POST WRITTEN BY Matt Woods
It’s no secret that the long-running seller’s market isn’t quite what it used to be. Following a few months of growth, home sales have begun to decrease and in some ways, conditions for homeowners have become slightly less favorable. That’s not to say that they’re terrible — but according to recent data from from the National Association of Realtors (NAR), sales of existing homes have begun to taper off.
There are a number of potential factors here. One is that mortgage rates have risen from their all-time lows in recent years, reducing buying power and creating reservations with many buyers. Additionally, listing prices have become overinflated, which has scared away some potential buyers.
According the NAR Housing Affordability Index, median family income rose by 3.34% year over year (2017 to 2018), while qualifying income rose by 11.82%. This discrepancy is a contributing factor to declining overall existing home sales. To add insult to the situation, median single family homes sale prices increased by 5.14% year over year (2017 to 2018).
While these trends are particularly important to pay attention to as spring home-selling season is fast-approaching, declining sales rates still may make for a robust spring. For sellers, then, better times may be right around the corner. Put simply, even in a market that’s not quite seller-friendly, there are still plenty of options for selling homes expediently, and for getting top dollar.
While the real estate industry was not an early adopter of technology, it has come a long way. The avenues that homeowners can use to sell their homes are plentiful and effective, despite market conditions.
Here are some approaches to consider if you’re putting your home on the market:
• Go FSBO: Sell your home on your own. This saves the cost of having to pay real estate commissions, though it does mean all the work falls on the seller, a significant burden for most — particularly for a first-timer. And despite saving on the costs, selling on your own doesn’t always equate to netting the most money.
• Get an MLS listing: There are services that will do this for a few hundred dollars, but that is often money well-spent to increase property exposure on the multiple listing service.
• Work with a full-service real estate agent: This option will provide personalized guidance, but for a cost. Sellers can pay as much as 6% in commissions if they choose this route.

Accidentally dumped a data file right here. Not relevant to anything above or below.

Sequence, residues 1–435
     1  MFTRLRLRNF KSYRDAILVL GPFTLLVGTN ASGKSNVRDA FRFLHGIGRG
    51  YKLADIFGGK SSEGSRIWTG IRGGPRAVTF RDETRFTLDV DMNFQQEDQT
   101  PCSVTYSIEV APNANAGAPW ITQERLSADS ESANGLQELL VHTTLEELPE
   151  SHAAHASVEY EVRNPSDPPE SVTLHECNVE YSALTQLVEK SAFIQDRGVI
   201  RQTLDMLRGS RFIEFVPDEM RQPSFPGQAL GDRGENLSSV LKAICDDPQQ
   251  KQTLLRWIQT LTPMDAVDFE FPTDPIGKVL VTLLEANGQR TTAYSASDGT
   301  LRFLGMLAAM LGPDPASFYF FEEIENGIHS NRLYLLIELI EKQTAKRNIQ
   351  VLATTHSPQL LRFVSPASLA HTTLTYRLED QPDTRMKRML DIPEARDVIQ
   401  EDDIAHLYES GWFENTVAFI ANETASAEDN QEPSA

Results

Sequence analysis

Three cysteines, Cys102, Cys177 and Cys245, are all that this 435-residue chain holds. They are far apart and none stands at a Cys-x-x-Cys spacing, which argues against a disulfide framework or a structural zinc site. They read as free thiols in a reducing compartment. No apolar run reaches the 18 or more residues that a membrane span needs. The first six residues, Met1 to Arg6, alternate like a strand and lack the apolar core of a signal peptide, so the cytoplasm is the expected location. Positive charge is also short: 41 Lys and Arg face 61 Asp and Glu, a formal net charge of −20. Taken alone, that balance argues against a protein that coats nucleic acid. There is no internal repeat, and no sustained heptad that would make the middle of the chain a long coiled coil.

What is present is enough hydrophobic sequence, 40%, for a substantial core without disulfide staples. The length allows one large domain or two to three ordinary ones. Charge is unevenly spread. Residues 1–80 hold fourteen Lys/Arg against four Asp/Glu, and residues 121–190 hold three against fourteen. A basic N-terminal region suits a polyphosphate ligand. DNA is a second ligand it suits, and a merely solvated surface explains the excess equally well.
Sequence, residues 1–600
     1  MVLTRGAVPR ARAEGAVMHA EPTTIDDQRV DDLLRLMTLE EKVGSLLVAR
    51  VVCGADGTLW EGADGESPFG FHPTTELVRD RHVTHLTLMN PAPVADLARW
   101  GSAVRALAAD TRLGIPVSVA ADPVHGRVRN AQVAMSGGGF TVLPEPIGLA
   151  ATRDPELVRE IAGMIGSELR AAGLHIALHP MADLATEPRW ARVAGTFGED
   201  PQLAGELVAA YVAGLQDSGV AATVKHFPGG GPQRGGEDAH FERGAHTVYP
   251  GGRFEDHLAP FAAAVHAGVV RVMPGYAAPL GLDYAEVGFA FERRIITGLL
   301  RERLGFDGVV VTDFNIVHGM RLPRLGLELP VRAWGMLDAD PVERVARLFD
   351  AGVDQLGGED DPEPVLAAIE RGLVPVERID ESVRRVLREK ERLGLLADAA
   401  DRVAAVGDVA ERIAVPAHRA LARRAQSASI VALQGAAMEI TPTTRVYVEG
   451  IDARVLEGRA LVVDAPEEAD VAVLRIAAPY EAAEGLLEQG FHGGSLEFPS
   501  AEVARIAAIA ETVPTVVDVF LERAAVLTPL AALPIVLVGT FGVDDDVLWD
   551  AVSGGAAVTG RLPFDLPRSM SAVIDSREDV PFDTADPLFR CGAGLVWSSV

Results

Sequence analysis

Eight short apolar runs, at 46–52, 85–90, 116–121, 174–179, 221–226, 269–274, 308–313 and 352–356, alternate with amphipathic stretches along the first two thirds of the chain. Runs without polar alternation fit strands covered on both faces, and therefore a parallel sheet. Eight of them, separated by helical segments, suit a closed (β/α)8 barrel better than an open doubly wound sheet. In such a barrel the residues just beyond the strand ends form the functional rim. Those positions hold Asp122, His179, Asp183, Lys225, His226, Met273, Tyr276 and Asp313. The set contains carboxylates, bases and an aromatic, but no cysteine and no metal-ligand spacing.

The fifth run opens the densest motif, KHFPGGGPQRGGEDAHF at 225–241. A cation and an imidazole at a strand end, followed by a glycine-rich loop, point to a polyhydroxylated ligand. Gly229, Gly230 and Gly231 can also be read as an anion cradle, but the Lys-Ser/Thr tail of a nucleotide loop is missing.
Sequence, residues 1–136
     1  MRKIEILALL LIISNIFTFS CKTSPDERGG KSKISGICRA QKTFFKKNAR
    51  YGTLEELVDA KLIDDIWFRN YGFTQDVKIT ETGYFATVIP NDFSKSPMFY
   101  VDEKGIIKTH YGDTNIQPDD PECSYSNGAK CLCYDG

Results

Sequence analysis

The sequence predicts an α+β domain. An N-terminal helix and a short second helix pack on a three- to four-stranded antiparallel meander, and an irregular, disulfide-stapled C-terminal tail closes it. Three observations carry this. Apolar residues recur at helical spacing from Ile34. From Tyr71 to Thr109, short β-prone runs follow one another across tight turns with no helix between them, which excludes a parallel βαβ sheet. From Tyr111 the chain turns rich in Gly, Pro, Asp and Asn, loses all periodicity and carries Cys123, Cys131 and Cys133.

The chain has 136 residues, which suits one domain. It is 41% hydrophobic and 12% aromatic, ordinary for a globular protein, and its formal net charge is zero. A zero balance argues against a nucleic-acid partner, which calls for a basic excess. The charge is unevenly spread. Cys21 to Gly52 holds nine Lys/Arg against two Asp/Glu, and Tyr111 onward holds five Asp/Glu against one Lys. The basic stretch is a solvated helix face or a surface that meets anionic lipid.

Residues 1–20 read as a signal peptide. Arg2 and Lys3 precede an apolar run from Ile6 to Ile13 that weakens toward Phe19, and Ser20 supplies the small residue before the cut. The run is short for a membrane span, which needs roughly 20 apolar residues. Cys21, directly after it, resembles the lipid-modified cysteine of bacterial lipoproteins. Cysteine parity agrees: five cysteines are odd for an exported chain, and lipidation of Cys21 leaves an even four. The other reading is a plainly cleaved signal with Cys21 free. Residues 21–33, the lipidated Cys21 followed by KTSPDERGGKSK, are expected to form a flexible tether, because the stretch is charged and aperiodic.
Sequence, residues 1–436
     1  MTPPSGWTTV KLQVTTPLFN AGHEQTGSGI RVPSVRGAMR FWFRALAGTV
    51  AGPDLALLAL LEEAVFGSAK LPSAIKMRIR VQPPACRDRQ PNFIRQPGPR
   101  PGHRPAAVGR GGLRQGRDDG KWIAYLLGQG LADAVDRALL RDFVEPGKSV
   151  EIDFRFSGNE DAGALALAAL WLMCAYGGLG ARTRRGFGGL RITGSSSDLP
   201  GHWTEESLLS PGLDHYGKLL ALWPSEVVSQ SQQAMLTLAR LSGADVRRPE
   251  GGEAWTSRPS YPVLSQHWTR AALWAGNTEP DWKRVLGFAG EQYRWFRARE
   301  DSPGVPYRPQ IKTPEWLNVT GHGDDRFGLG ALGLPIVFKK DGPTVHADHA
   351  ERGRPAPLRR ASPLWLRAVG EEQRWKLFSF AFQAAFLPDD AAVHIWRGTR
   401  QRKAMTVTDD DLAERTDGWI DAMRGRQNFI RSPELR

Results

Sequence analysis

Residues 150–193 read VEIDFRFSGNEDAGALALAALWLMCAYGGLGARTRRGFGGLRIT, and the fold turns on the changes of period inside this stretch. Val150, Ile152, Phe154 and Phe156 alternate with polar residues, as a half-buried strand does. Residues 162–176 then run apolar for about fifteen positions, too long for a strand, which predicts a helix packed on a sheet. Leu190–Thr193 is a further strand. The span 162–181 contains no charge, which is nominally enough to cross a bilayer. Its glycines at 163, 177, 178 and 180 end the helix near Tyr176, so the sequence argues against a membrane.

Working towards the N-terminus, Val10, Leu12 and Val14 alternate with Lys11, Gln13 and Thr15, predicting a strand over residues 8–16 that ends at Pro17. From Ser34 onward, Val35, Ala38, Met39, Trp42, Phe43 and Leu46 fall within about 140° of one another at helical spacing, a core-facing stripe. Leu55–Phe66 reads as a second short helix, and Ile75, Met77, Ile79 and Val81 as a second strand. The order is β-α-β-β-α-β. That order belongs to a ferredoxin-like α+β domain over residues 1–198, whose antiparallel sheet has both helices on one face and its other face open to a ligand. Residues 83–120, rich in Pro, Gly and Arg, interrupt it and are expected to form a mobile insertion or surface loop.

• Opt for a discount or flat-fee agent: This can be less expensive than working with a traditional broker, but often the services offered are “discounted” also. That said, selling a home can be very stressful and an emotional experience — not something to ignore.
• Sell to an iBuyer: Investors may be willing to purchase the home as-is. This process can be very quick and removes much of the stress involved with trying to coordinate fixing up and showing a home, as well as timing a sale with the purchase of a new home, but the seller risks walking away with less than what you might through a traditional sale process.
This plethora of options can be both a blessing and a curse. The challenge lies in identifying which of these options will be the most helpful to the seller not only in their given market but also taking into account their personal preferences. Sellers should arm themselves with education about the process and all their options to determine which avenue will meet their needs.
The takeaway from all this? The market can be volatile and have a strong impact on the process of selling homes. That said, the method homeowners choose to sell their homes can have just as large an impact on the process as the market conditions. Be informed, even if it means taking charge of the research process. Selling a home is hard work, not to mention one of the largest, most emotional transactions most Americans engage in, so it’s not a process to be taken lightly. Know the market, do the research and tap into the right resources to move confidently into your next home.